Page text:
I will continue to make personal plans for my family to better cope with declining energy resources. When I look at my children I know they will face many more challenges than I have faced. The least I can do is pass on some land, houses, and tools. This is certainly more practical, and responsible, than riding out my retirement years on a reverse mortgage golf course McMansion in Arizona, or wasting our family resources on a new vehicle purchase that we really don’t need.

    I continue to urge anyone reading this to get your economic house in order and get rid of all debt, live within your means going forward, obtain some useable skills that others may be able to appreciate and will make you a useful person to have around, grow much of your own food, and build up a useful community of friends and neighbours. Work on becoming healthy and get in good physical condition. I may have PO blinders on, but in my heart I know it makes good sense to approach the future with a plan and not simply believe all will be just hunky dory awesome because a few outlier predictions have yet to materialize.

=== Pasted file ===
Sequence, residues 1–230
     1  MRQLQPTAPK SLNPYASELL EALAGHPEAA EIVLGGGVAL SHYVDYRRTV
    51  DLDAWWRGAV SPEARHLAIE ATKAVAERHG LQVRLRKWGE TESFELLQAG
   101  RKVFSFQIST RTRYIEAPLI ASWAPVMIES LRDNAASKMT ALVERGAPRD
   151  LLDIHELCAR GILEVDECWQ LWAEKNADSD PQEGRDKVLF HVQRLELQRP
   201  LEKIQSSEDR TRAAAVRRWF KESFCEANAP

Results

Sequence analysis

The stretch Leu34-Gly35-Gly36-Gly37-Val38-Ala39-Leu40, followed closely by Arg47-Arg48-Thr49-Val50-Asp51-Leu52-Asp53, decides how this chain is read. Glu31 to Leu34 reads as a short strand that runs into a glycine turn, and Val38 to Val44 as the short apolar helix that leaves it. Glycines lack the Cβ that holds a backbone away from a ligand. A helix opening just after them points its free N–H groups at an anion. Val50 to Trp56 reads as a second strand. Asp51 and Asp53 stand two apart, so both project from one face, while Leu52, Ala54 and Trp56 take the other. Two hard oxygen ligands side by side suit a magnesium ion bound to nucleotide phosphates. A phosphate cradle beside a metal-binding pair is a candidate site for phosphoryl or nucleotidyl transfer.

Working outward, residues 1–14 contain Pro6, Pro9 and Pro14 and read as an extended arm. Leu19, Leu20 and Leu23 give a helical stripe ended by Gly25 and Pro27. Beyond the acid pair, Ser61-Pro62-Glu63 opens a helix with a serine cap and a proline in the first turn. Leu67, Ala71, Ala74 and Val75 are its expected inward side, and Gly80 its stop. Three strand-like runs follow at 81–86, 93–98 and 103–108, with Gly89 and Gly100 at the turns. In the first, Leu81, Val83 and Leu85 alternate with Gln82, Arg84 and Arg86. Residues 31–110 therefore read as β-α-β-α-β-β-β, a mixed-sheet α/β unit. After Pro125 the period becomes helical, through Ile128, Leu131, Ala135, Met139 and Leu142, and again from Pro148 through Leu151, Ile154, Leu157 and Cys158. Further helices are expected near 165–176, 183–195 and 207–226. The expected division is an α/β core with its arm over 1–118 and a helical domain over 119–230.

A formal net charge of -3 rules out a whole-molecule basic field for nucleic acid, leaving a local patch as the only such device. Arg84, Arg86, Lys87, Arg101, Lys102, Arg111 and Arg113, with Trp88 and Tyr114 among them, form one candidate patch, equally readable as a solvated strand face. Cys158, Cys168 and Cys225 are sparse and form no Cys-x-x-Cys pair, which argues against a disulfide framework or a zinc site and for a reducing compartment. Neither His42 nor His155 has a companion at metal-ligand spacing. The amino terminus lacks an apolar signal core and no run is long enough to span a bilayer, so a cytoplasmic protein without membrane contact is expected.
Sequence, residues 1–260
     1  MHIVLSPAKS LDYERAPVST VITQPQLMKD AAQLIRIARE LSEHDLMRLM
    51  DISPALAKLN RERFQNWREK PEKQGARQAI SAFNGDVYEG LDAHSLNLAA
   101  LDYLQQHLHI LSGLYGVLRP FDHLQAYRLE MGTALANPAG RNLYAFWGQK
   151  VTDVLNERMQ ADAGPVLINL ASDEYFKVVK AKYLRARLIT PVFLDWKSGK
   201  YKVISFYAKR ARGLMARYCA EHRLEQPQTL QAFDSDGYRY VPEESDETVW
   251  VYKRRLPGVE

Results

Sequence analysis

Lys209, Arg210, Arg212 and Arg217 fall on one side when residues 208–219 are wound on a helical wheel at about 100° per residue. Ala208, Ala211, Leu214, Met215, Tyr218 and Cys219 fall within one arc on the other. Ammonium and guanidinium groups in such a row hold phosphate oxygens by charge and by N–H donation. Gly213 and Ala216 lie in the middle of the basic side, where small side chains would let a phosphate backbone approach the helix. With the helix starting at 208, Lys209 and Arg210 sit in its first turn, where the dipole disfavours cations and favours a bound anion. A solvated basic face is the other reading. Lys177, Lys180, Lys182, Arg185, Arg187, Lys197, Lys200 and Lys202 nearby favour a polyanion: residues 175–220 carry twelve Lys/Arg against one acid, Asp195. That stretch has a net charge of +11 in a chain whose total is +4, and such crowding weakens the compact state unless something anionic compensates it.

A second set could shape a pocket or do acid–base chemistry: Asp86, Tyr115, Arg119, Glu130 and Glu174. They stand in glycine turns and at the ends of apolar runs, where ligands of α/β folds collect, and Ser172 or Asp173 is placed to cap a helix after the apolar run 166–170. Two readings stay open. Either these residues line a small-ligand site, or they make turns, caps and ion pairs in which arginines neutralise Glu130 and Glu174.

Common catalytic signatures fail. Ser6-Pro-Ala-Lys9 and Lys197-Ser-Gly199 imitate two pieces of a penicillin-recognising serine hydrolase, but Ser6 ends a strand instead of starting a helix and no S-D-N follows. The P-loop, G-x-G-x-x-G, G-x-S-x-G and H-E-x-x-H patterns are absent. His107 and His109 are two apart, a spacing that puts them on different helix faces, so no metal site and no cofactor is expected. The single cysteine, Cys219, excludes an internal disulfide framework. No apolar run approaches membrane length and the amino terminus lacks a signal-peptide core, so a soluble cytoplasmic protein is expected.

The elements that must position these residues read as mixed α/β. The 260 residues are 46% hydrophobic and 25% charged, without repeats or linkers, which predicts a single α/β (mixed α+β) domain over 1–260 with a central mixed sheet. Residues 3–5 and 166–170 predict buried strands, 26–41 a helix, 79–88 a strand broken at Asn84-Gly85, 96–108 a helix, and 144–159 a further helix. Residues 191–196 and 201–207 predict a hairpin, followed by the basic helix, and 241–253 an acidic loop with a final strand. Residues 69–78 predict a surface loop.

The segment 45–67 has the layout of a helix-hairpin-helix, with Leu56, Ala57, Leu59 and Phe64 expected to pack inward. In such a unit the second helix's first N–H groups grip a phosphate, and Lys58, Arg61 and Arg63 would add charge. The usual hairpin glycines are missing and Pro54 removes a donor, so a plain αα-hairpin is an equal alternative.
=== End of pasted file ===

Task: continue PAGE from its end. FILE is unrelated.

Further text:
22. GregT on Fri, 28th Mar 2014 6:57 pm 

    NWR said:

    “Nony………How about admitting that you are dead-ass wrong on that foolish claim, then we’ll move on to your next wildly inaccurate claim and debunk it next.”

    Nony said:

    “I have ultimate respect for someone who says I was wrong, learns from it, and explores it.”

    Unless, of course, that someone is you, Nony.

  23. Theodore on Fri, 28th Mar 2014 7:09 pm 


    Evolution is a fairy tale, it is not scientific and there is no real evidence for it.

  24. Nony on Fri, 28th Mar 2014 7:15 pm 

    NR: We’re not going to make extra gas and just stockpile it! It has to go somewhere. With no exports, what happens is price drops and there’s a share battle. US and Canadian gas is trapped, stranded. Other than a little bit to Mexico, there’s nowhere for it to go without export capability. The point is that with moderate price increases, rigs move back into drilling gas and huge volumes are available. Do you realize how much US marketed gas is being produced with how few rigs now?

    you tube: EJOYzSO8Vj0 (watch about 12:00 to 16:00)

    you tube: 0YBk5gIvNGY (about 20:00-28:00)

    I’m not giving links because the spam thing doesn’t like it. but you can put the code into the search window of youtube.